NEXT WEEK, it is true that I was not very interested in running a second half marathon after a challenging week at work that left me emotionally and physically drained.

But my 18-year-old son insisted that we had committed to running in the Bible Marathon, so we left Jerusalem at 5 in the morning and headed to Shomron.

The hills of our biblical heart are impressive at that time, with the sun rising at 6 am over the fields.

The Marathon of the Bible is directly taken from the Torah and takes place where “a man of Benjamin”, as described in 1 Samuel 4:12, ran the first marathon in the world, according to Jewish tradition.

The story is this: shortly after the Jews entered the Land of Israel, they fought a battle against the Philistines and were defeated. Some 30,000 Jewish soldiers were killed, including the two sons of the high priest Eli. The Ark of the Covenant was taken.

A man from the tribe of Benjamin ran from the battlefield to Shiloh to spread the terrible defeat. This man, who according to Jewish tradition was the young King Saul, ran 42 kilometers, which is also the official length of the Olympic marathon, decided in 1908 at the London Olympic Games.

Although the ark was stolen, Shiloh maintained its status as the capital of the Jewish people for 369 years, beginning after the conquest of Canaan until King David established Jerusalem as the eternal capital of the Jewish nation. Shiloh is mentioned 34 times in the Bible.

But it must be recognized that this year’s Biblical Marathon was not the one he had run before. The whole tour was over mud, rocks and gravel hills, unpaved, rough and exhausting. By the time we started running at 7am, the sun was hot. And while the views were spectacular, it was difficult to look up as I looked at my feet to make sure I didn’t trip and fall off the difficult trail.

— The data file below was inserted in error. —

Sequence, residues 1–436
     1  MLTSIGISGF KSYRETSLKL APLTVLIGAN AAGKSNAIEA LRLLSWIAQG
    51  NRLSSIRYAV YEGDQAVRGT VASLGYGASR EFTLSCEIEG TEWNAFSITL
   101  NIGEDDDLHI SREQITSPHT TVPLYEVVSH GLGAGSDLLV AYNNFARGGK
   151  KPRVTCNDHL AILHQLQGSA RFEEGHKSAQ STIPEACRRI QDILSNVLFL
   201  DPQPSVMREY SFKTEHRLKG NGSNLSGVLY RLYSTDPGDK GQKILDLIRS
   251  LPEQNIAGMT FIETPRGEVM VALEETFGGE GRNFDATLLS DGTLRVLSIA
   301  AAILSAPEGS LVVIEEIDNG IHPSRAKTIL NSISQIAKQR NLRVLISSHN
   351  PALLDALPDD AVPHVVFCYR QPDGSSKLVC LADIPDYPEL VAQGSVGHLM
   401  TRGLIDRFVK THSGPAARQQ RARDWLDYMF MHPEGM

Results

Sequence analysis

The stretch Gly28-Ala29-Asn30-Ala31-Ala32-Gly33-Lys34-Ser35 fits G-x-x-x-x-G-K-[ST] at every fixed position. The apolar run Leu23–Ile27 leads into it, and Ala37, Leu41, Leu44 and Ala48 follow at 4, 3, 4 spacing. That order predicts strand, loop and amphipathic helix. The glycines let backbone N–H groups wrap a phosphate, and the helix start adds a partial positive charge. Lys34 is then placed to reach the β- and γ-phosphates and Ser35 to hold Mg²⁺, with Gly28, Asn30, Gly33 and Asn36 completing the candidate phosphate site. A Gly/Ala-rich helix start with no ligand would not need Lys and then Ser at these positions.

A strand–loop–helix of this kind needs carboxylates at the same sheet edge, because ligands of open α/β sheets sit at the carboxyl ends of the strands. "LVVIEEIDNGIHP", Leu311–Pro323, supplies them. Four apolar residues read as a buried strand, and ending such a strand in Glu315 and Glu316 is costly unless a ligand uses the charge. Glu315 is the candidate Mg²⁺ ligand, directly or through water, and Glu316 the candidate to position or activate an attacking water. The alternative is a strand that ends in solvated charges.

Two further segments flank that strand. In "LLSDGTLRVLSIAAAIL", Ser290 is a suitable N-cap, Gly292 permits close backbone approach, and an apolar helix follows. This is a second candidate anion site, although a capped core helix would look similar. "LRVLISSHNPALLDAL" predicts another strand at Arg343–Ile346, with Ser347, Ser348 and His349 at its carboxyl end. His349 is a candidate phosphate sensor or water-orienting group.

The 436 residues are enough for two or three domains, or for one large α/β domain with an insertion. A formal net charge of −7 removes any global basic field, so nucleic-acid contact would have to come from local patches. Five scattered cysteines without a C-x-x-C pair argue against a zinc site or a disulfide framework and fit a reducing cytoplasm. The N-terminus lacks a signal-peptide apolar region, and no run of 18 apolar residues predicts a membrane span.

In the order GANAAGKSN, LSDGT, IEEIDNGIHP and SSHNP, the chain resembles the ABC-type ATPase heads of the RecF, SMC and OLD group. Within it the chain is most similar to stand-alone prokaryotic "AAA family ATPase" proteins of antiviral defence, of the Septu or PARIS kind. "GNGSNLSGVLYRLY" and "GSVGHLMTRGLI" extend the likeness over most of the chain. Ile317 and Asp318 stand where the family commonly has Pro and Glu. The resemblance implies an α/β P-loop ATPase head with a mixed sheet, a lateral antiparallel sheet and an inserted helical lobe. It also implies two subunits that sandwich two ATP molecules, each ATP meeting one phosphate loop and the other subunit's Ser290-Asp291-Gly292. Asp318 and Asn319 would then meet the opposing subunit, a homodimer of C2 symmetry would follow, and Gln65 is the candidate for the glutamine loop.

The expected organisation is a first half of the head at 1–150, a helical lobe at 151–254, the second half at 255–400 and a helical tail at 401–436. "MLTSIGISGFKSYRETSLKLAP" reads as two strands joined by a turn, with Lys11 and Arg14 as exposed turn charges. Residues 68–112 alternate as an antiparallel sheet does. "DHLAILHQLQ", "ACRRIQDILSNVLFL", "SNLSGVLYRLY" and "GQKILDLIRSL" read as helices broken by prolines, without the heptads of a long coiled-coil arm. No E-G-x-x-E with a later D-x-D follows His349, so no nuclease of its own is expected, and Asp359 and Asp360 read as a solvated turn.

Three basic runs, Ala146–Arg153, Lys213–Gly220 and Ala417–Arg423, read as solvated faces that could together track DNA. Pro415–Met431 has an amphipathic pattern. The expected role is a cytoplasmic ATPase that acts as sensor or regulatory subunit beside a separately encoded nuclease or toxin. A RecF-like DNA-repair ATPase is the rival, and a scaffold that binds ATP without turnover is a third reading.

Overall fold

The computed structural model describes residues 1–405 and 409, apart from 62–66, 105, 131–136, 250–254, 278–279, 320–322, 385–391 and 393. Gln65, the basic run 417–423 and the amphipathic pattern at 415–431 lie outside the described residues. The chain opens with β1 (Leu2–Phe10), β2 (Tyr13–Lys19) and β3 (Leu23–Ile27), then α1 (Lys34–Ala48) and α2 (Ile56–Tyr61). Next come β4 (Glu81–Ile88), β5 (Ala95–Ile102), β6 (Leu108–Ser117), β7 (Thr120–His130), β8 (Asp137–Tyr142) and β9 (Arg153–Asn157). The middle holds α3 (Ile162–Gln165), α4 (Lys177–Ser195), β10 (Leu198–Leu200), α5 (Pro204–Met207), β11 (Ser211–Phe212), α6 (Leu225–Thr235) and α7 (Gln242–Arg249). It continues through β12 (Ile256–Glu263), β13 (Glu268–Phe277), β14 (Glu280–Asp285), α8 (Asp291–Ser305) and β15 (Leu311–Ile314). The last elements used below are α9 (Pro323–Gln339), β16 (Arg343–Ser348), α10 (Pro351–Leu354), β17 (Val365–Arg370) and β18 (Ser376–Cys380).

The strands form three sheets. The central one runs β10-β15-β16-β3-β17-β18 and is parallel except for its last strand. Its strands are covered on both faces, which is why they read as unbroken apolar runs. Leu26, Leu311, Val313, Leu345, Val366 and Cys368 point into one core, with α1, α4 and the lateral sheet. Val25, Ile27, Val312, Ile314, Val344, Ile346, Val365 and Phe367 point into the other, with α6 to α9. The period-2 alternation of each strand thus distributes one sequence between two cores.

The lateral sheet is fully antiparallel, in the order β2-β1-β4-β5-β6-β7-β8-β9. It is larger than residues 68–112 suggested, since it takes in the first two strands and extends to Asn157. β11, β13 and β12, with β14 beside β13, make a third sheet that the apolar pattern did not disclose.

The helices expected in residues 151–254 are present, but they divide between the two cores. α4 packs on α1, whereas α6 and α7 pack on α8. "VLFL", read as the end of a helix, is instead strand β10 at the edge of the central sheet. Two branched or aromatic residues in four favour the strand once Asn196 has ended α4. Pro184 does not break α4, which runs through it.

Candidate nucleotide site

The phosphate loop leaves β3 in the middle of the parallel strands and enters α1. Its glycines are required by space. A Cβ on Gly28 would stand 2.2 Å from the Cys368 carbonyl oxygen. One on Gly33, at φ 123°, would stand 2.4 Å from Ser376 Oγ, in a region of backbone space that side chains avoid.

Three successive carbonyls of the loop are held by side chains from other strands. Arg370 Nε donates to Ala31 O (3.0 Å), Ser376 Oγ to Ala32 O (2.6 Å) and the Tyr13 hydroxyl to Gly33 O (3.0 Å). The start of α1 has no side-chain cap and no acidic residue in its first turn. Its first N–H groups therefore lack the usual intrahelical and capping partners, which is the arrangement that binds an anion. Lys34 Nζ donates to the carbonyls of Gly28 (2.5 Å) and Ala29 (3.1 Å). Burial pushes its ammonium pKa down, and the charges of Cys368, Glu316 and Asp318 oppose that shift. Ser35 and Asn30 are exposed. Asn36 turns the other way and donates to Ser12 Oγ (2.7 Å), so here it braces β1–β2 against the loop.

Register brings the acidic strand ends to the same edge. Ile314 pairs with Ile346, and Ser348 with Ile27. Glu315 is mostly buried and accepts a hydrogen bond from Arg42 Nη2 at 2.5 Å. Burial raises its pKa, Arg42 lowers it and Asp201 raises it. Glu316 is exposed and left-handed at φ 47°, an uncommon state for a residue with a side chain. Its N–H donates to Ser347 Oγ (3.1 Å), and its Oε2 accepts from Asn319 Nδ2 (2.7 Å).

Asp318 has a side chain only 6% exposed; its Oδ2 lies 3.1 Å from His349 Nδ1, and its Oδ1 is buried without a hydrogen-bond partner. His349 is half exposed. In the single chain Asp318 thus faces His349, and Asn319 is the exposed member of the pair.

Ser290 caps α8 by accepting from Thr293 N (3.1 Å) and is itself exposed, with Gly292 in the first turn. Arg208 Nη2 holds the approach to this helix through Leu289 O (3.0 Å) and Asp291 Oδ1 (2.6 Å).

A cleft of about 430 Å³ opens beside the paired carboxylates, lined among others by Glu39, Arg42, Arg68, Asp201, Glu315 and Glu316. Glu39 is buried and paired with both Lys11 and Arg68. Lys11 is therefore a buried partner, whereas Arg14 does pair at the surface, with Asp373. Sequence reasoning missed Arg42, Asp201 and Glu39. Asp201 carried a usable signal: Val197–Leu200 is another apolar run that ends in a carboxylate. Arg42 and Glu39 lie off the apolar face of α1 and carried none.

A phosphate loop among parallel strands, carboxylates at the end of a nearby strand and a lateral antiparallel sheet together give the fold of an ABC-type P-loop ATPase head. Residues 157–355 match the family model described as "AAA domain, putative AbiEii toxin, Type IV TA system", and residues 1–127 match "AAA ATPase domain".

I spent the first 10km softly cursing my son, who seemed to think it was a good idea for a woman in her 40s to run two half marathons in a week, with several trips to Tel Aviv and a lot of stress. .

I spent the 10-18 kilometers celebrating that I was going to make it, and that by going out into the race, I had once again shown myself that I was strong, physically and mentally, and that success is built on hard work and determination. and a bit of madness.

But at the end of the race, I cursed my son again.

However, when it was all over, he was sore but happy.

We had run through the vineyards where I invest in a boutique winery and do my part to plant the land that God gave us. I remembered my many trips to nameless hills labeled only with numbers where artisans lived and were willing to share their crafts with me over a cup of tea for the articles I wrote for them.

THE WINNER of the Jerusalem Half Marathon was a Haredi mother of five children. The winner of the Jerusalem Marathon was an Ethiopian immigrant. And the winner of the Bible Marathon was an immigrant from Sudan.

The Jewish homeland is a melting pot and a mosaic, a union of the Jewish people from all over the world.

Living in Israel in 2021 is sometimes more exhausting than the winding dirt roads of Shiloh, but it is a privilege.

These races were on October 29 and November 5 because they had been postponed due to COVID-19.

On the one hand, the races felt out of place, behind schedule, intended to run earlier, in the past.

On the other hand, they were like a starting line: a beginning of our post-pandemic future that is now, the next chapter of our collective and personal lives.

The writer is chief strategy officer and senior health analyst at The Jerusalem Post.